A day in the life of `return to normal’: Women bear the brunt

Bearing the brunt” is back. Ok, it never really left, but today’s iterations of bearing the brunt demonstrate that the `return to normal’ is here or at least just around the proverbial corner, and for many women that’s particularly bad news.

In South Korea, in the past two years, large Korean corporations sliced their workforce, ostensibly in response to the coronavirus pandemic, although how firing people improves their chances of surviving a pandemic remains an open question. Nevertheless, who bore the brunt of those cuts: “Women took the brunt of the job reductions as they accounted for 67 percent of those laid off.” It’s not all doom and gloom. Although many full-time employees lost … everything, others were hired as “non-regular workers”. That’s not `market forces’ at work. That’s old fashioned corporate greed.

In South Africa, and across southern Africa, food insecurity aka hunger has stalked the landscape, largely due to climate change induced droughts, land oligopolies, Covid, and more. Who suffers most directly? “Women and girls bear the brunt of undernutrition, international conference told”. How does this happen? In food crises, women and girls reduce their food intake. Additionally, in many households, men and boys get preference, including access to food. Women often find it more difficult to access food, sometimes due to insecurity in public places, other times due to restrictions on women’s movements in public. In these situations, women’s food consumption is stigmatized. This is what bearing the brunt looks like on an average day. This is what return to normal means.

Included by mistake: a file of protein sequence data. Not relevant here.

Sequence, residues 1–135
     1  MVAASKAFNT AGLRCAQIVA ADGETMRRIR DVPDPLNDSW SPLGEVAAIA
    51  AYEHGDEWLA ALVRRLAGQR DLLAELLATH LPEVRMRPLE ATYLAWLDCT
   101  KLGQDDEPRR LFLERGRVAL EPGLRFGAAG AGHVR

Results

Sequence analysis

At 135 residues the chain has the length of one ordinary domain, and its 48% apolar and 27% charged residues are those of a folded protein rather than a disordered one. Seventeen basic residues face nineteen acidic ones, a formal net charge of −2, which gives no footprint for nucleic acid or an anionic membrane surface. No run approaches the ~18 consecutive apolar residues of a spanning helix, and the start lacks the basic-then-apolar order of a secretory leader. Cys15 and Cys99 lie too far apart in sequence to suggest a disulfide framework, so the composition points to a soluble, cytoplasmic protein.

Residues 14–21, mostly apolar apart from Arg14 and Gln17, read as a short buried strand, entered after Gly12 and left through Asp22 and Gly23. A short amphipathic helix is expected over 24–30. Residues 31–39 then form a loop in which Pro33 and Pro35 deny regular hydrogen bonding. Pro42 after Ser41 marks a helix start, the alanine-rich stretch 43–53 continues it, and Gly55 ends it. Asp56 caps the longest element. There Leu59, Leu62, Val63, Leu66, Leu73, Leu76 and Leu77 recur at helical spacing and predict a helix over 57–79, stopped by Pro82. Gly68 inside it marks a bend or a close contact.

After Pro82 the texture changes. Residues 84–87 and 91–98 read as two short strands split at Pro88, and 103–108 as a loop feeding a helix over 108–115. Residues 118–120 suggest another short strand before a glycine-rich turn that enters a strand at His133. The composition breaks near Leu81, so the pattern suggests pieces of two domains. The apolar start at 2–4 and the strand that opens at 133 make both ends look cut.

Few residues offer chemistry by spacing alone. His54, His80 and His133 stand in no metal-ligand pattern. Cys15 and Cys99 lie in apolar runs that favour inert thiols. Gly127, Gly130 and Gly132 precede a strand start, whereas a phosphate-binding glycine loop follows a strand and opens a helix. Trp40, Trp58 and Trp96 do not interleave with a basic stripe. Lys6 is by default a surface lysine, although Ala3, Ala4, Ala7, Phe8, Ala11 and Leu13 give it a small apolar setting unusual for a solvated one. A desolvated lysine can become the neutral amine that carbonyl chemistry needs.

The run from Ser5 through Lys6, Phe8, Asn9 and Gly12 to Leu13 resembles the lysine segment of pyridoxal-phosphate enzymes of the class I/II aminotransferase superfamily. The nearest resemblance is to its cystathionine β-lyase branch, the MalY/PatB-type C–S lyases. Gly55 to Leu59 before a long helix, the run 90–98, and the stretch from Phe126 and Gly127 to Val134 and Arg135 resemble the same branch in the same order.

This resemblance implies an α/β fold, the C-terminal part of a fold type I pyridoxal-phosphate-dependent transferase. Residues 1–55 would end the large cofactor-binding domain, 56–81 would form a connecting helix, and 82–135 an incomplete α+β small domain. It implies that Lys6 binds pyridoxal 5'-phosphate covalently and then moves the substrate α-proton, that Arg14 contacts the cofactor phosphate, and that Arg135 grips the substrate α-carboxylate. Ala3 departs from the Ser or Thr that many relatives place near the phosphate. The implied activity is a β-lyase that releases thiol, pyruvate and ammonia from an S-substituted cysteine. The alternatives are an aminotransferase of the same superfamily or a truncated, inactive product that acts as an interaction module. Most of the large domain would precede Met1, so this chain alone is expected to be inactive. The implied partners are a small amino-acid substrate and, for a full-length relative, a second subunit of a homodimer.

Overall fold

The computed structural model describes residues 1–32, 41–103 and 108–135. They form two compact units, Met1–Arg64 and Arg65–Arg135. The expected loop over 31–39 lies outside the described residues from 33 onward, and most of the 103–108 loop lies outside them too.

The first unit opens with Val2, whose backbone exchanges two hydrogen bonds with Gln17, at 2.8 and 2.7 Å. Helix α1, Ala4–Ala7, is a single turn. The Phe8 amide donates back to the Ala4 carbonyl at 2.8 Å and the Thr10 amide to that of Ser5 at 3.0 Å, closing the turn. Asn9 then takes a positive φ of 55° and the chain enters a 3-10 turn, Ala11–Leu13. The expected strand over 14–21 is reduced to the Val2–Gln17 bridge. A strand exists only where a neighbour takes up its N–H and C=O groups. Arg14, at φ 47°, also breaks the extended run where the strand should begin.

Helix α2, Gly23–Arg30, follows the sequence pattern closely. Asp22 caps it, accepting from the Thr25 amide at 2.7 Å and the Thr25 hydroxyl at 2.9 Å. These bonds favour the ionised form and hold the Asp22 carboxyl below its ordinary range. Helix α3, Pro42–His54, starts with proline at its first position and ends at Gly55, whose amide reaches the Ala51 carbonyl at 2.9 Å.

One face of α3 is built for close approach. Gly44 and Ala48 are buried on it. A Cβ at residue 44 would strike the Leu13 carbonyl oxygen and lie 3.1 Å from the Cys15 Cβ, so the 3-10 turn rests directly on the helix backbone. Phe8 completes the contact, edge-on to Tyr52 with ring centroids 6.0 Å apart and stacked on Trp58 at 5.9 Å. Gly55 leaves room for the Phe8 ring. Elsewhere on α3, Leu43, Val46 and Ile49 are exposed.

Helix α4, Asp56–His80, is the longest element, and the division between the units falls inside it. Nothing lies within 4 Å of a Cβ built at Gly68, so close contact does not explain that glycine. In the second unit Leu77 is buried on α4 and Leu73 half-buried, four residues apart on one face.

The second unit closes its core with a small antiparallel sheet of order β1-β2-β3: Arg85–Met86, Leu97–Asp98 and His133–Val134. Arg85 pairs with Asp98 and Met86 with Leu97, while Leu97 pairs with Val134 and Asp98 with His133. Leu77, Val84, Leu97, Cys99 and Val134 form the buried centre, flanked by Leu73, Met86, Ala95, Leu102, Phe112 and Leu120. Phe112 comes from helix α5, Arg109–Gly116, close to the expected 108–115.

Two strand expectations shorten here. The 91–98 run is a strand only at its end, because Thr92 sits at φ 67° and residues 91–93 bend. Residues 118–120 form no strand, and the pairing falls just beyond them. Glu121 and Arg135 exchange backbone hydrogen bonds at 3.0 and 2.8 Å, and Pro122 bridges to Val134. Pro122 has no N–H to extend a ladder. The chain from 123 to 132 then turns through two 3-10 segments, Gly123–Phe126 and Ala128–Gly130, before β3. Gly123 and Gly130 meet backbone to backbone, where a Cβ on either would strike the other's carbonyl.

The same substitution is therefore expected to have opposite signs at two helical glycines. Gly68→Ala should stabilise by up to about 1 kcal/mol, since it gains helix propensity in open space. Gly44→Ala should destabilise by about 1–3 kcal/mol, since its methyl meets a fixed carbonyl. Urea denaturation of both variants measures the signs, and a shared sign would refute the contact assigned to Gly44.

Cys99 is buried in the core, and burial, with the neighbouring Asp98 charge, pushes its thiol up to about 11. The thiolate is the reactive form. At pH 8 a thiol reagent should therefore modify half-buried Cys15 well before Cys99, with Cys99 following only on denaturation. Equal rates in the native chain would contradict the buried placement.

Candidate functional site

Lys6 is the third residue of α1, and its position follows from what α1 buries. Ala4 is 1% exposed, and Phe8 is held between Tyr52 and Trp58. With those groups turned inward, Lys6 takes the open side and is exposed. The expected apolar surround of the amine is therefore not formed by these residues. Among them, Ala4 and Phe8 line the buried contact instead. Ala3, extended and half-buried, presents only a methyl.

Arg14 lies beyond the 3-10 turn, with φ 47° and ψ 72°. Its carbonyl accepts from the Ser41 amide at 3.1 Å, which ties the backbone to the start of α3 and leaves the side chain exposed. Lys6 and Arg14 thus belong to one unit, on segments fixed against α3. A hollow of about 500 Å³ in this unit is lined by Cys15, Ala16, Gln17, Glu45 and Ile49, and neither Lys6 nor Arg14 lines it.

Globally, to no one’s surprise and as reported from the outset of the pandemic and its political economy, women have been positioned to be most vulnerable to the conditions of both public health and economic, political, social devastation: “Women bore brunt of social and economic impacts of Covid: Women were particularly affected by loss of income and education, rises in domestic violence, child marriage and trafficking, and responsibility for caring for children and sick relatives.” In other words, the world pretty much stayed the same … only worse: “Many countries lack social protection for many groups, from women and children to migrants and refugees. Those groups have been worst affected by the Covid pandemic, and unless things change, they will continue to bear the brunt of crises, and be the least likely to recover from them.” Who bears the brunt? Women. Girls. Women and girl migrants. Women and girl refugees. Girls. Women. Welcome to normal.

Finally, in the United States, a report, released today, examined the situation of low-income renters in the United States during Covid. In particular, the study focused on households receiving federal assistance in the form of Temporary Aid for Needy Families, TANF, and the Supplemental Nutrition Assistance Program, SNAP: “Surprisingly, our research shows that low-income households already getting federal support may be more vulnerable to eviction than their counterparts who receive no social benefits … More households getting SNAP and TANF fell behind on rent, and those getting SNAP had a higher chance of being evicted.” Those getting SNAP had a higher chance of being evicted. Who are “those”? Women: women of color, women with disabilities, women elders, immigrant women. In 2018, 63% of nonelderly adult SNAP recipients were women. 61% of SNAP households with children were headed by a single adult. 91% of those adults were women. 33% of adult SNAP recipients was a woman of color. You know when women really bear the brunt? When their presence is ignored, avoided, forgotten, erased. Welcome back to normal. Same as it ever was.

(By Dan Moshenberg)

(Image Credit: Shonagh Rae / The New York Times)